Wednesday, January 07, 2009

Keep your land.

I’ve written before about my great-great-grandfather Griffin Henry Belk. He had been enslaved and after his freedom was acknowledged, he spent several years searching in vain for his parents. Eventually, he settled on 160 acres of land in Ozan, Arkansas that he purchased for $11 (that’s right, eleven dollars). His descendents still own the land we call the Belk Estate. My mother, grandmother, and great-grandmother were born there. Now that I’m back in Arkansas, I look forward to visiting this spring. I haven’t been there since I was a child, though I clearly remember the pond and forests that cover much of the land. My grandmother always talked lovingly of the five acres she grew up on.

You don’t have to read much of this blog to recognize that I generally think it’s better that resources are spread among many people rather than being concentrated among just a few. For that reason, I am a big promoter of people keeping their family land. It can be a challenge as families grow in size and members move away and lose contact and interest in the land and the taxes associated with it. But given the history behind the land and its value, it can make even more sense to keep it and make it useful. Here are some resources to help you do just that:

* Get in touch with land preservation organizations like the Federation of Southern Cooperatives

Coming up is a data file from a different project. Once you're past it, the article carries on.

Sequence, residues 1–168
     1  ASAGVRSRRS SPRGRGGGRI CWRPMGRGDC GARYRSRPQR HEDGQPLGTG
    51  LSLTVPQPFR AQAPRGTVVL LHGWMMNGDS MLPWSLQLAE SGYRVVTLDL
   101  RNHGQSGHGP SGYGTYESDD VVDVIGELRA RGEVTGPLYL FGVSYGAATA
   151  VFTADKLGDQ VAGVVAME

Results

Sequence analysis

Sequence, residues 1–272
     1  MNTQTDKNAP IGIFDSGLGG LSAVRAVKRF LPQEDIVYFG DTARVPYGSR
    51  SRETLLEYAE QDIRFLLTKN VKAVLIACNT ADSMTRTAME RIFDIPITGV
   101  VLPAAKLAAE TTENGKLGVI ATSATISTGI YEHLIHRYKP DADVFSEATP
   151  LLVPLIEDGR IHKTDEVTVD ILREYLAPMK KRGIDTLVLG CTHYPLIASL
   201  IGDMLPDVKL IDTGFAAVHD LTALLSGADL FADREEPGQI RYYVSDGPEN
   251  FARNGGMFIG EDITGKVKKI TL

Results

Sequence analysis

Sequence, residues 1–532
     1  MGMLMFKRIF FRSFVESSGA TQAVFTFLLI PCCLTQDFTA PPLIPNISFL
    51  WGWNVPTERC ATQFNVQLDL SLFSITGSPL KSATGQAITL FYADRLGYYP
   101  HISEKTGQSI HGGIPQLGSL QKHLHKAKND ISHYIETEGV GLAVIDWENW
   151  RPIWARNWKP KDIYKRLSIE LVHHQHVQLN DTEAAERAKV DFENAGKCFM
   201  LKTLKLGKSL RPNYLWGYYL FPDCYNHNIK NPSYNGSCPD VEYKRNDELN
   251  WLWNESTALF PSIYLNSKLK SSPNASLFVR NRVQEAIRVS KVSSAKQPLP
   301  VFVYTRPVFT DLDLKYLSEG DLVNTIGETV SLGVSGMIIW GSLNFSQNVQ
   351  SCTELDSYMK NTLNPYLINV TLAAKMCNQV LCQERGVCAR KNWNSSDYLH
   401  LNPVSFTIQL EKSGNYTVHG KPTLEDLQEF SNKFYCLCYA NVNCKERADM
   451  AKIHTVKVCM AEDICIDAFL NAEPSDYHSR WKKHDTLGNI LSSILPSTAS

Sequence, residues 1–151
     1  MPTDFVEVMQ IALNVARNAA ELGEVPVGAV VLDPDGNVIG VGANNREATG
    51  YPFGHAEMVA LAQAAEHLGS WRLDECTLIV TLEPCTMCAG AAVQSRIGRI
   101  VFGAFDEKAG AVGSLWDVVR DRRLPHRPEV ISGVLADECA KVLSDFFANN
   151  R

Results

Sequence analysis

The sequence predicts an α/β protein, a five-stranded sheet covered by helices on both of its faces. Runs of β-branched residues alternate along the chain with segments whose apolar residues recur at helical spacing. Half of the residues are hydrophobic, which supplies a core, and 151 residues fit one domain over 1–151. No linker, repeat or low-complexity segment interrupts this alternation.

Land Assistance Fund or the Arkansas Land & Farm Development Corporation that can help you keep your land. They may be able to help you use land trusts, and other legal tools to help maintain your interest in the land.

* Visit the Forestry Service (or similar office) in your state. Many of them have programs designed to help people develop uses for their land (cutting timber, starting an organic farm, opening a campground, etc.) that can provide income to pay the taxes.

* Talk to your neighbors. If you all are in similar straights you may be able to work together to keep your land. For example, the members of the Sapelo Island Cultural and Revitalization Society were able to get zoning regulations instituted that favored them keeping their land as homesteads rather than allowing massive development on their high value (and gorgeous) land.

* Talk to your relatives. Some of them may not even know about the land. Others may have interesting ideas about how to use it. I know of a family in Arkansas that built several cabins on their land. They use them for family vacations and rent them out to others who want to visit or have a gathering. You may be surprised at the options. Be sure to talk about them all before you sell, because it’s hard to get it back once it’s gone.

Land is a limited resource, so it would probably be better if no one owned it. But since that's the model we're using, it's better that many of us have a share and that we use it wisely and sustainably.

"Happiness is when what you think, what you say, and what you do are in harmony." - Mahatma Gandhi


Karama said...
This comment has been removed by the author.
Karama said...

Please help Heirs of Arkansas pass the Heir Property Act in Arkansas in 2015.